Workshop Zimmers

Art workshop Zimmers – Ein Hod

With so many ways to see and explore Israel, it can be difficult to narrow down the activities to schedule during your stay. Still, if you’re the type of person who enjoys a hands-on learning experience, why not sign up for the workshops that are held in seemingly every discipline, all over Israel? Plan your stay around your chosen workshops by staying at a nearby Zimmer, Israeli accommodation that’s budget-friendly and intimate.
pink guesthouse room

Photo: Studio Tobiana®

Do you live, breathe and dream art? Why not head to the Ein Hod Artists’ Village on Mount Carmel for an art workshop? The Ein Hod Artists’ Village website offers no fewer than 12 workshops taught by local artists. The workshops include photography, pottery, glass mosaic-making, ceramic sculpting, lithography, etching, linoleum cutting, drawing, color and paper-making, stained glass, Intaglio printmaking techniques such as etching on copper, zinc, or brass plates, and watercolor, acrylic, and oil painting. A zimmer here in the village of Ein Hod is a good bet for luxury lodgings at the heart of this haven for artists. Consisting of two stone houses tucked away in a quiet alleyway, the zimmer offers amenities such as a mosaic bath, air-conditioning, full kitchen, TV, stereo system, DVD, and a hearty breakfast, too. Guests can schedule alternative treatments or just enjoy the breathtaking mountain views.

Amirim

For some people, the idea of a more holistic vacation is a tempting prospect. Head to the Galilee to Amirim Village.  Amirim Village boasts no fewer than 30 vegetarian Zimmers, but we chose one where lodgings come with a fully stocked and equipped kosher kitchen, DVD, and stereo. Amirim Village is the place to come for alternative health and spa treatments. In addition, guests can take a workshop in Mandala drawing with Ofira Oriel, who studied at Jerusalem’s Hadassah College and the Bezalel Art Institure.

Mitzpe Ezuz, Ramat HaNegev

performance artists

Photo: Studio Tobiana®

Volunteer

Not exciting enough for you? In the heart of Israel’s desert Negev region is Ezuz, where you’ll find an experience you‘ll never forget. Ezuz has an ongoing theater project called “Time of the Desert,” for which it is soliciting volunteers. The project involves the construction of a theater (interior and exterior walls, electricity, and flooring) at the center of this desert resort. The ultimate goal of the project is to provide a venue for area youth to explore theater and circus arts. The local municipality in Ramat HaNegev has thrown its hat into the ring by helping to build an outdoor trapeze. Once construction is completed, Ezuz hopes to bring in exchange students from circus schools in London and France.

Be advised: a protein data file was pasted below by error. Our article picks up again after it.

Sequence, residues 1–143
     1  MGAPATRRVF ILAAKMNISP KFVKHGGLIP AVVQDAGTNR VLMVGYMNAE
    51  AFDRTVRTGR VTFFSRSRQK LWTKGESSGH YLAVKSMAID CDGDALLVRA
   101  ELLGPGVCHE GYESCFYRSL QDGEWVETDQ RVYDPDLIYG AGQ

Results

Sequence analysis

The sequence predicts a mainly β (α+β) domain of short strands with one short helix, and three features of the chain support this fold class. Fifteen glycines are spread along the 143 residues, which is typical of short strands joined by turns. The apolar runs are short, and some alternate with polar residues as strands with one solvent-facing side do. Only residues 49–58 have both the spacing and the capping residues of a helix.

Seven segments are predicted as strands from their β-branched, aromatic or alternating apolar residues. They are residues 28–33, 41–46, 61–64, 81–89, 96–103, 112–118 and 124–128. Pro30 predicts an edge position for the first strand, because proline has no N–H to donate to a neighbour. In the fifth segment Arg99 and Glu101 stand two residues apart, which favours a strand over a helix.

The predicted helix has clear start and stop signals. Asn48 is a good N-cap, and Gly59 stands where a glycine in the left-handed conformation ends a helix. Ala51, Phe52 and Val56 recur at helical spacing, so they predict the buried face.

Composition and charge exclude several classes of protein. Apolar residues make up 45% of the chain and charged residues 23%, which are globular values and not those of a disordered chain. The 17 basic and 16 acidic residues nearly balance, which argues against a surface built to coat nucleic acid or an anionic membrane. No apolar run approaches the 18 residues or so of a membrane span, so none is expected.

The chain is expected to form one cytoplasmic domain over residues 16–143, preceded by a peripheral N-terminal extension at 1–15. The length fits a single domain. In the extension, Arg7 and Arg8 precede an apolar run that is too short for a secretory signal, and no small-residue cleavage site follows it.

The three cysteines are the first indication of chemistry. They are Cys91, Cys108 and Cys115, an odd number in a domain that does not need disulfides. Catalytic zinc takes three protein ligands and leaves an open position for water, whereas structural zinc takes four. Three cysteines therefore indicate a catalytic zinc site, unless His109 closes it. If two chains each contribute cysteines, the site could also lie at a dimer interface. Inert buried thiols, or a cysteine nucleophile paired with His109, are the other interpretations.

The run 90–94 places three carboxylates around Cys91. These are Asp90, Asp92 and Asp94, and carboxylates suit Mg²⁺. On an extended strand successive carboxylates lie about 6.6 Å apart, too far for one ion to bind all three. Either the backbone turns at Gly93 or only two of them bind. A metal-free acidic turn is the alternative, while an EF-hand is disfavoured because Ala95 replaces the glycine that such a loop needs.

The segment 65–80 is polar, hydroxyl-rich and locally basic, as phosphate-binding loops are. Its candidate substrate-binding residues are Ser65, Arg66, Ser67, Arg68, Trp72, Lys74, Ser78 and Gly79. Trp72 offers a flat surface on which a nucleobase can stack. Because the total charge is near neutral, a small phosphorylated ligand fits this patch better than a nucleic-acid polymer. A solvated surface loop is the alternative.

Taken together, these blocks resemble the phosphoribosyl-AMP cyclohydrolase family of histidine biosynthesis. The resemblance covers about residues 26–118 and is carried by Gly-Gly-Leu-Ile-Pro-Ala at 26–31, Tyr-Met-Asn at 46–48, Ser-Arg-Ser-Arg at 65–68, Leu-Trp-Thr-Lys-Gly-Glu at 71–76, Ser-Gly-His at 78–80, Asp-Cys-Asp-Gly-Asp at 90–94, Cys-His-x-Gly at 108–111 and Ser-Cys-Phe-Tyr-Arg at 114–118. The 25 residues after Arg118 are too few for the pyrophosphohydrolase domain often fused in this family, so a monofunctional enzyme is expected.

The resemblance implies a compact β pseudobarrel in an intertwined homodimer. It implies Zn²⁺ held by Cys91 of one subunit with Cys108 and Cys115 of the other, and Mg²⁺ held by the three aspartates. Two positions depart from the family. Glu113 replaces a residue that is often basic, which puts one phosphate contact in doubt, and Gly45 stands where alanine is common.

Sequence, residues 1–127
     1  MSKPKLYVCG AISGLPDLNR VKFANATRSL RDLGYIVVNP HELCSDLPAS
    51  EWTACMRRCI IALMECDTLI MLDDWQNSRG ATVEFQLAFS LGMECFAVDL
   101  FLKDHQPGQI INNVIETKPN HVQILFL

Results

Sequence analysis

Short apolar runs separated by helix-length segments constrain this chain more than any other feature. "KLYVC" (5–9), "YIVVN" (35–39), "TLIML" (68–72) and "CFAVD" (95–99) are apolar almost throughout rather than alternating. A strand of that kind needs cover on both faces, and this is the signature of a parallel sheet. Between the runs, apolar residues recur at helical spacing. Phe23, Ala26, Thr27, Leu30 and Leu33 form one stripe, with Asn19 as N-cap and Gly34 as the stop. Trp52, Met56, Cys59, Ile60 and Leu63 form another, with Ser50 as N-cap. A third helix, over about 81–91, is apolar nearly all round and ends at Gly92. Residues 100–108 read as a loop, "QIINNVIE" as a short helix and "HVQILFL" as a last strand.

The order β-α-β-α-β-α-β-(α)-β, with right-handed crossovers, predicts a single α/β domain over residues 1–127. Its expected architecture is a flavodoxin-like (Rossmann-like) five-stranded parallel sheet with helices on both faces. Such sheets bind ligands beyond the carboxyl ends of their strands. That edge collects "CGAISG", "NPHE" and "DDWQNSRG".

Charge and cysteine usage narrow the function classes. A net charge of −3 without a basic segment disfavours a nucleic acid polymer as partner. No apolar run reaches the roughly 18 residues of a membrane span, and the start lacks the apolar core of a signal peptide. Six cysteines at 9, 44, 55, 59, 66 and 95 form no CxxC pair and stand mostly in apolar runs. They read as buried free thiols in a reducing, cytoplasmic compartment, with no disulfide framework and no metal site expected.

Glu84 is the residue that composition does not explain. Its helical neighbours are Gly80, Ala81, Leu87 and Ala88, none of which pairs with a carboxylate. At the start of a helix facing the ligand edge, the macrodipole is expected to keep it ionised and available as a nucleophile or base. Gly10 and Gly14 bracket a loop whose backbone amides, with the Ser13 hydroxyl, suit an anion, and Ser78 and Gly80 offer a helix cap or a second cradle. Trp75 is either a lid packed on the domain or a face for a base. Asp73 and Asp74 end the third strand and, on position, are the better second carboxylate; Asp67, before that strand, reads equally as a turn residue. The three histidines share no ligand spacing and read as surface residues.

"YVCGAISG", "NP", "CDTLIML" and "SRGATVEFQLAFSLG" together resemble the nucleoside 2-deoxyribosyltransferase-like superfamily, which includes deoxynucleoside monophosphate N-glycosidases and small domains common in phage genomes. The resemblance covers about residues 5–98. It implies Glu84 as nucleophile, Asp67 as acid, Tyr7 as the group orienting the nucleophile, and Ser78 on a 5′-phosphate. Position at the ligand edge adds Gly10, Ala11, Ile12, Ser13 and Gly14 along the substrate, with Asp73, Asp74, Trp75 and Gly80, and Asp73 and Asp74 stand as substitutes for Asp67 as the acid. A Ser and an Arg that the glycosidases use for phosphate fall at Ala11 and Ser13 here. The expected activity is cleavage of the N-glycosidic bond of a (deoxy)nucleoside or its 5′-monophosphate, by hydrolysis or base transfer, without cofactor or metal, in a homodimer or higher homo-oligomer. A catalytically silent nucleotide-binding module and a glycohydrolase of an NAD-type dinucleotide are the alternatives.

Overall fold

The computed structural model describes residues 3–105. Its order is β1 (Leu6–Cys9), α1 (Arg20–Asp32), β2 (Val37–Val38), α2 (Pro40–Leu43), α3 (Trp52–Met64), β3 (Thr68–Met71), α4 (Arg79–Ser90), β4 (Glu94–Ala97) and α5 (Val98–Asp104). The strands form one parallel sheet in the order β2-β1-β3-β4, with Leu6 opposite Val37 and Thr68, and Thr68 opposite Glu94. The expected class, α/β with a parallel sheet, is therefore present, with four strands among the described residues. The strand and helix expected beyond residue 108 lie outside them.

Circus Arts

In the works are plans for a mask-making workshop and the creation of a giant puppet with movable body parts. During the summer, the focus is on circus arts. Volunteers at Ezuz have lodgings, two meals a day, and 8-hour workdays, with weekends off. Weekend attractions include camel-back riding, swimming, and hiking. Run by theater patrons the guesthouses are family dwellings with kitchenette, bedroom and bathroom, plus large outdoor dining table. Breakfast is organic and includes goat cheese, homemade breads and eggs fresh from the farm. Founded in 1985, Mitzpe Ezuz is located above Beerotayim where the biblical wells of Moses and Aaron are found. Today, the village numbers 14 families from Africa, France, and Holland, who work at developing a culture combining art, tourism and farming. Nearby is a new French café serving crepes and pizza. There’s also a goat farm where you can sample a variety of organic goat cheese and purchase local wines and olive oil. Watch for rare birds such as the Houbara, or take a donkey or camel ride. Area workshops include mask-making; metalworking; stone, wood, and mud-sculpting; acrobatic balancing and belly-dancing. Ezuz has a motto: “Find yourself in a place you can’t find.”

Bezalel Academy

Photo: Public Domain

Did You Know?

Israel’s organized art culture began in 1906 when Professor Boris Schatz (1867-1932) emigrated from Bulgaria to Israel and founded the Bezalel Academy of Arts and Crafts in Jerusalem.